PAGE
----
Some standardized tests administered to D.C. students this week included confusing instructions that city officials sought to clarify after teachers and principals — some of whose jobs depend on test results — reported the problems.

Directions for one section of an eighth-grade math test said that students could use calculators only on the first 16 questions, when, in fact, they were allowed to use calculators on questions 17 and 18 as well.

On a fifth-grade math exam, a picture of a stop sign printed on students’ answer sheets directed them to stop after answering Question 49. But the section actually continued on the next page to Question 52.

And on a sixth-grade math exam, both parts of a two-part question were labeled “49A” in the test booklet, but answer sheets labeled them as “49A” and “49B.”

CTB/McGraw-Hill writes the tests under a contract with the Office of the State Superintendent of Education, the city agency responsible for administering standardized tests. The publishing company received $3.4 million this year to develop, print and analyze the city’s annual tests.

Jesus Aguirre, who leads OSSE, called the problems “minor typographical errors” that affected only a small number of questions. Aguirre said agency staff provided guidance as soon as they heard about the issues after testing began this week.

Aguirre said CTB will analyze each question and throw out those for which students provided a statistically skewed number of incorrect answers, as they do every year. “We’re pretty sure that we’re going to get valid testing results,” he said.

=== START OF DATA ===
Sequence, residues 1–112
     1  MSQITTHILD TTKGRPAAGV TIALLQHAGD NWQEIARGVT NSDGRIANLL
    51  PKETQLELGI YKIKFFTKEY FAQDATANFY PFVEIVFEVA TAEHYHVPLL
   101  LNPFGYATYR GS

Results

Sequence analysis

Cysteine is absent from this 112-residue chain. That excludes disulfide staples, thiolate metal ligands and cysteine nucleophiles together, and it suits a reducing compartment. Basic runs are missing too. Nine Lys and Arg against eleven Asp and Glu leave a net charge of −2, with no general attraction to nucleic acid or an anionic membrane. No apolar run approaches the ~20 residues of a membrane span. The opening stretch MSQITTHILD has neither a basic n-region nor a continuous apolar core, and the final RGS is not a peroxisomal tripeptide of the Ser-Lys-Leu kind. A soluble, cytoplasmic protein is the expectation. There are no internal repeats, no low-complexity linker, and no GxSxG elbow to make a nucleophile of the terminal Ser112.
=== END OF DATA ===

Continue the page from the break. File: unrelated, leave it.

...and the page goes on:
Pete Weber, chief of data and strategy for D.C. Public Schools, which is required to administer the tests received from OSSE, said school system officials are “very disappointed and frustrated about these errors.”

“This is already a very stressful time for our teachers and school staff, and these issues do not help,” Weber said. “We are providing guidance and support for schools to deal with the errors, and we hope that no more come up during this test administration.”

Students who had already taken the flawed sections of the sixth-grade and eighth-grade exams before OSSE clarified instructions are not allowed to go back and revisit them.

Fifth-graders who stopped at Question 49 instead of 52, as the answer sheet directed them to do, are able to go back and answer those three questions. Proctors giving that exam have been told to remind students that they should turn the page past the stop sign, the kind of assistance that teachers have been trained not to offer to avoid accusations of cheating.